Unlike the more puritanical (literally) colonies farther up the American coast, Charleston was from the beginning an arts-friendly settlement. The first theatrical production in the western hemisphere happened in Charleston in January 1735, when a nomadic troupe rented a space at Church and Broad Streets to perform Thomas Otway’s The Orphan.
The play’s success led to the building of the Dock Street Theatre on now-Queen Street, which on February 12, 1736, held its first production, The Recruiting Officer, a popular play for actresses of the time because it calls for some female characters to wear tight-fitting British army uniforms. Live theater became a staple of Charleston social life, with notable thespians including both Edwin and Junius Booth (brothers of Lincoln’s assassin John Wilkes) and Edgar Allan Poe’s mother Eliza performing here.
Several high-quality troupes continue to keep that proud old tradition alive, chief among them being Charleston Stage (843/577-7183, www.charlestonstage.com), the resident company of the Dock Street Theatre. In addition to its well-received regular season of classics and modern staples, Charleston Stage has debuted more than 30 original scripts over the years, most recently Gershwin at Folly, recounting the composer’s time at Folly Beach working on Porgy and Bess.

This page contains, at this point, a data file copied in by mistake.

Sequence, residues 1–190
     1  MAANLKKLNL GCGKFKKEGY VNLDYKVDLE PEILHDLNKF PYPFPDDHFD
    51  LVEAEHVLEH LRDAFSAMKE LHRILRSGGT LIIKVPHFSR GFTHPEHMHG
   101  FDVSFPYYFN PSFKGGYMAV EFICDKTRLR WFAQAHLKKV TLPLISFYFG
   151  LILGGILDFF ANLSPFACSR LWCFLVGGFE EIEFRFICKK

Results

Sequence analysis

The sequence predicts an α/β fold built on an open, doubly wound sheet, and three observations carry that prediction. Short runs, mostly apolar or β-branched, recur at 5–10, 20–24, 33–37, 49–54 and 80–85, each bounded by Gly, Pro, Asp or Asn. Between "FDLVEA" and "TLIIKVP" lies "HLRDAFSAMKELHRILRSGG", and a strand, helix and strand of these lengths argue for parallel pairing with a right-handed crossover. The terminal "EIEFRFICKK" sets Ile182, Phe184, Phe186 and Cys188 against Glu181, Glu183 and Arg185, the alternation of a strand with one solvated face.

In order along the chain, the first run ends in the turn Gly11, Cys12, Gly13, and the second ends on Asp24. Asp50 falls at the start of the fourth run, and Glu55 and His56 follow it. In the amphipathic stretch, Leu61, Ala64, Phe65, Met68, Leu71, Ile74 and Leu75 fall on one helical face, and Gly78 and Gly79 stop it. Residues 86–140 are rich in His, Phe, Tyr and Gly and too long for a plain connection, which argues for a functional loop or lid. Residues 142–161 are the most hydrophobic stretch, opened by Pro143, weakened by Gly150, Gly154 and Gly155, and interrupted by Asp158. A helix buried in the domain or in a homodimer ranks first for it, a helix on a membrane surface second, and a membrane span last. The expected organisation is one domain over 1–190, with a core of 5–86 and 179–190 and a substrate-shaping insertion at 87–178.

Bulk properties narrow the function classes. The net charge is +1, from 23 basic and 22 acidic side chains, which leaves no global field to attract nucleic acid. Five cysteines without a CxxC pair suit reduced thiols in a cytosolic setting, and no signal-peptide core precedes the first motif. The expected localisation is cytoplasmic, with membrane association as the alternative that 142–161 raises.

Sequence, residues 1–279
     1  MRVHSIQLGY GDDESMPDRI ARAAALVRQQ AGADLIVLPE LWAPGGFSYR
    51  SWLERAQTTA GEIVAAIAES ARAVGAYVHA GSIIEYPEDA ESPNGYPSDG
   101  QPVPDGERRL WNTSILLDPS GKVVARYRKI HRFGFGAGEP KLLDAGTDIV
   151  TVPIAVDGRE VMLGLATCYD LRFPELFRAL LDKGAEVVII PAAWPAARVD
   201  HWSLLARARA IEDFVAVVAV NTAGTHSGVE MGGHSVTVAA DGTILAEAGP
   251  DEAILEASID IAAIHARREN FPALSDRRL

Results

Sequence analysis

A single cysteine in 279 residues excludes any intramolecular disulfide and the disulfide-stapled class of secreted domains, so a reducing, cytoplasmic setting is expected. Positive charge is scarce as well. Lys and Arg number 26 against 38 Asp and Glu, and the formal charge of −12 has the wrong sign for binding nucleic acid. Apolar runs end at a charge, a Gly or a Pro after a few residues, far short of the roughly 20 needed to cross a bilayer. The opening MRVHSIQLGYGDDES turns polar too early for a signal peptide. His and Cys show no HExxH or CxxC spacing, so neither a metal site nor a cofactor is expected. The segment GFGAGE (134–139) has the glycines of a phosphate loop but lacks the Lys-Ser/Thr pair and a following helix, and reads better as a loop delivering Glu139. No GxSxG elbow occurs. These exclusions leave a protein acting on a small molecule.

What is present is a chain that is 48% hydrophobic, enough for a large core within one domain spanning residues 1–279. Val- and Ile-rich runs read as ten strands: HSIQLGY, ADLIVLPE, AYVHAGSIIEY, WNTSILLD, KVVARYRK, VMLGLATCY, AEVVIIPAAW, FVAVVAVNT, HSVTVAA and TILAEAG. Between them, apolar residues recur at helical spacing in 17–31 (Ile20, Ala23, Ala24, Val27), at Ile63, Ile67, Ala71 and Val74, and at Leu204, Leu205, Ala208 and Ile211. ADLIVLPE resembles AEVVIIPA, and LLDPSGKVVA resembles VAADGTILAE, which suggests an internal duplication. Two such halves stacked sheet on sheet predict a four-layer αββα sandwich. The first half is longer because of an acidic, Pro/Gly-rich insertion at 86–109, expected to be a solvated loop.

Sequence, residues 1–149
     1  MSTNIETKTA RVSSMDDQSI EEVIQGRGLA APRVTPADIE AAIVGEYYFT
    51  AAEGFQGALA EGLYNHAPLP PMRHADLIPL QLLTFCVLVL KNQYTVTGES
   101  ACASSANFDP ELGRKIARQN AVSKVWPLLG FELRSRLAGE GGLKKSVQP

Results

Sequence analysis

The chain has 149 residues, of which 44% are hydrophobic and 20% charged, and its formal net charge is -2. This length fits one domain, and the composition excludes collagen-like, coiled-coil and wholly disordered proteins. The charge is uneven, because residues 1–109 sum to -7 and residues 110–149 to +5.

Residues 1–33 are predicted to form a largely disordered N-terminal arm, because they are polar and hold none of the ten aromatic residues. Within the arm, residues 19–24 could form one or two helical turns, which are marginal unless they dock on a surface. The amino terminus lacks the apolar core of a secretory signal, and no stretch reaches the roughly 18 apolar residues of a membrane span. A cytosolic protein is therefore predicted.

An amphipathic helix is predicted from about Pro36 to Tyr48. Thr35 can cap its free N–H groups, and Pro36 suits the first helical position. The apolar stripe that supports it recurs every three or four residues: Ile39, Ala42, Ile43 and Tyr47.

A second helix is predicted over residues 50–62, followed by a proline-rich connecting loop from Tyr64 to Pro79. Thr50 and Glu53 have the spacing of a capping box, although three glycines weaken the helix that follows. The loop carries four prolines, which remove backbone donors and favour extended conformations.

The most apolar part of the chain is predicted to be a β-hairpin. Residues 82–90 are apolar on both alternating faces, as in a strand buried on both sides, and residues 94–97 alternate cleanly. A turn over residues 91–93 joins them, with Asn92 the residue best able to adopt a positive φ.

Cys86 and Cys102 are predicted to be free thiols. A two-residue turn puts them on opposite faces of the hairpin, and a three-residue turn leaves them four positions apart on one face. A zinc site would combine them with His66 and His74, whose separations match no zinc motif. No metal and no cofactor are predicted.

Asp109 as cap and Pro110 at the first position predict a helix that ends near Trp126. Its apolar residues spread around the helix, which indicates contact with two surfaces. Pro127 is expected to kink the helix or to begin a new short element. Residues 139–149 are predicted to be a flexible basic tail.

The city’s most unusual players are The Have Nots! (843/853-6687, www.thehavenots.com), with a total ensemble of 35 comedians who typically perform their brand of edgy improv every Friday night at Theatre 99 (280 Meeting St.).
The players of PURE Theatre (843/723-4444, www.puretheatre.org) perform at the Circular Congregation Church’s Lance Hall (150 Meeting St.). Their shows emphasize compelling, mature drama, beautifully performed. This is where to catch less-glitzy, more-gritty productions like Rabbit Hole, American Buffalo, and Cold Tectonics, a hit at Piccolo Spoleto.
The Footlight Players (843/722-4487, www.footlightplayers.net) are the oldest continuously active company in town (since 1931). This community-based, amateur company performs a mix of crowd-pleasers (The Full Monty) and cutting-edge drama (This War is Live) at their space at 20 Queen Street.
© Jim Morekis from Moon Charleston & Savannah, 4th Edition